Last week, the Census Bureau released its annual report on income, poverty, and health insurance in the United States. Don’t worry if you missed it. So did the Wall Street Journal, which noted several days later that the White House had failed to comment on the rather grim numbers. On Friday, the Journal’s editorial page dryly remarked, “it seems we’re on the wrong White House email lists.”
Unlike in 2012, when the administration accompanied the Census report with a statement boasting that that “we have made progress digging our way out of the worst economic crisis since the Great Depression,” this year the only mention of the report was a modest blog post by Jason Furman, the Obama administration’s chief economist.
Perhaps it’s because this year’s numbers merely serve to reemphasize the nation’s economic doldrums. Poverty rates held steady as the nation’s median income decreased.
But this information is difficult to glean from Furman’s post, which seeks to mask the disappointing numbers with fancy graphics and convoluted prose.
He opens with the cheery news that “real median income for family households rose $408 in 2014.” Still, he is forced to acknowledge that, “overall median household income declined.”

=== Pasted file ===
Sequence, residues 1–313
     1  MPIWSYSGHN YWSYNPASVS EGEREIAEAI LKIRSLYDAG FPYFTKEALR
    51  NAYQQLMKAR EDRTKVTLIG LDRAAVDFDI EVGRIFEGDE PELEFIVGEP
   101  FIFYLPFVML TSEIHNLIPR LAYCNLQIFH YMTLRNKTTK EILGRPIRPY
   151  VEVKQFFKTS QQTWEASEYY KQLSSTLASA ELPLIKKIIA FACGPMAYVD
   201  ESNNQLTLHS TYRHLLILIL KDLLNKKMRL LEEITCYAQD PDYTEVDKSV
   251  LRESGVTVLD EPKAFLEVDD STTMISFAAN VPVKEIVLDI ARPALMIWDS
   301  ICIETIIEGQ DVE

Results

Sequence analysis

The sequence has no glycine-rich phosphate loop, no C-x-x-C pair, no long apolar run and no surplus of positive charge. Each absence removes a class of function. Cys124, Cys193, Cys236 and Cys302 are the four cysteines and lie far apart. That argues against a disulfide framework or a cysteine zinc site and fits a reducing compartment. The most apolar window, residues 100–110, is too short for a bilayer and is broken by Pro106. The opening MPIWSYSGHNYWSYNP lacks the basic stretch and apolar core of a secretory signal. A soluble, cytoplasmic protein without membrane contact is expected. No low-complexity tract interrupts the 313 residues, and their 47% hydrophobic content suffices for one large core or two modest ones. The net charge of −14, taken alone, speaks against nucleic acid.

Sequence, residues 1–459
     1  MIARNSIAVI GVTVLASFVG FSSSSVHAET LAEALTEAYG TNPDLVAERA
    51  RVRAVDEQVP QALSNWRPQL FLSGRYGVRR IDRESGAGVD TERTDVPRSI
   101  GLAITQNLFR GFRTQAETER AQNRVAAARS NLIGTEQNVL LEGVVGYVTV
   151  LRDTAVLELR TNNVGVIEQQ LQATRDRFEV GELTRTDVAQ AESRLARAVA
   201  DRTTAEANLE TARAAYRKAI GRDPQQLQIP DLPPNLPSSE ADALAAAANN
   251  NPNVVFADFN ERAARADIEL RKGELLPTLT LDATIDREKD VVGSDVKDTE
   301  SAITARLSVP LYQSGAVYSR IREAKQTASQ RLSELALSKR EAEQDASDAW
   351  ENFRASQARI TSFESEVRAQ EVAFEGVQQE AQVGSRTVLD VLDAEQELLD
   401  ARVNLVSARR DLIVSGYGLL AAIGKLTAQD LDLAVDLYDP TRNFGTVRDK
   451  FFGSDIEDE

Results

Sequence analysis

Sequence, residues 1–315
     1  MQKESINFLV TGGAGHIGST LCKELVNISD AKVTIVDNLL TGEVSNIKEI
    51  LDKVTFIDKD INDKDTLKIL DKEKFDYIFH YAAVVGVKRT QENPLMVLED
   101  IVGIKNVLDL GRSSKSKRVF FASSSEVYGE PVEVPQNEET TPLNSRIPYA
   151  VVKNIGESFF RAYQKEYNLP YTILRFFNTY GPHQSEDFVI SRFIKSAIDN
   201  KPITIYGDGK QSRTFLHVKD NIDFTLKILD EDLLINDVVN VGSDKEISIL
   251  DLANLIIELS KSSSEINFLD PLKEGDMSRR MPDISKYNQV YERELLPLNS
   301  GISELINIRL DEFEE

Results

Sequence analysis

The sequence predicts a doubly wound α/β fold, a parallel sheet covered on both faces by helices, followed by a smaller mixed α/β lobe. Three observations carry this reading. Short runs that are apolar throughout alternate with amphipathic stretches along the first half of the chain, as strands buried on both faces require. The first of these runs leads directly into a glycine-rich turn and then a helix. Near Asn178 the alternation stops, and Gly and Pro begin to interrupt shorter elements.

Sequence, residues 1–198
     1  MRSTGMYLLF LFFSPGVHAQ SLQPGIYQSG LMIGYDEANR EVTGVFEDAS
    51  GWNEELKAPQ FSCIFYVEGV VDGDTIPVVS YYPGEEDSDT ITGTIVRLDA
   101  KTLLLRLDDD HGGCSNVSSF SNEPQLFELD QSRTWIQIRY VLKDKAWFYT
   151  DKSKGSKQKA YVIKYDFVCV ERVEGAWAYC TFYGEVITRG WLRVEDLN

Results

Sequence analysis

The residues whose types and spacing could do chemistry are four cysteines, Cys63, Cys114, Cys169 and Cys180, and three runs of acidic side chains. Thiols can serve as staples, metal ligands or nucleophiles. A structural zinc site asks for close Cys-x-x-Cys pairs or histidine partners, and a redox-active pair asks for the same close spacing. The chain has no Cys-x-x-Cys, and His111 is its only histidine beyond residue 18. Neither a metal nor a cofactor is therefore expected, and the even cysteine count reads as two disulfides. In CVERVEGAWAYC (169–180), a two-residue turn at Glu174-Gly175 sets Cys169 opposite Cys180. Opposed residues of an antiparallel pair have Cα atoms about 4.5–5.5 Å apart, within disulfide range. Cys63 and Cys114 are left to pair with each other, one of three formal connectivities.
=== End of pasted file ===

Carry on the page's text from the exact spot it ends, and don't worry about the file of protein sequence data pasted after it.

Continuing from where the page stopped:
The trick is all in the terms.
The Census defines a family household as people related by birth, marriage, or adoption. By contrast, non-family households are generally younger and lower-earning. According to the 2014 numbers, median income for non-family households was $32,000, less than half of the median income for family households ($68,000). Although median family income remained steady, the number of individuals in non-family households surged.
Furman predicts strong income growth in 2015 given the general trend that growth in aggregate weekly earnings (“the product of employment, hours worked per week, and wages earned per hour”) generally parallels growth in income.
Only that wasn’t the case in 2014, when weekly earnings implied a “1.0 percent increase in median income.” Instead, median income dropped by 1.5 percent. Despite this, Furman predicts that the 2015 data will show strong growth. It’s unclear why he has such confidence.
Furman further notes that the number of children in poverty has declined, a welcome change. To be clear, this is poverty defined according to the supplementary poverty measure, “a post-tax and post-transfer concept of resources.” According to the administration, handouts, not personal initiative, are what draws people out of poverty.
What’s hidden in the language of Furman’s post is the reality that many Americans are all too familiar with. Jobs are harder to find and pay less than they did before. Hourly work that had been full-time is now part-time.
You know the news is bad by how much it’s been buried.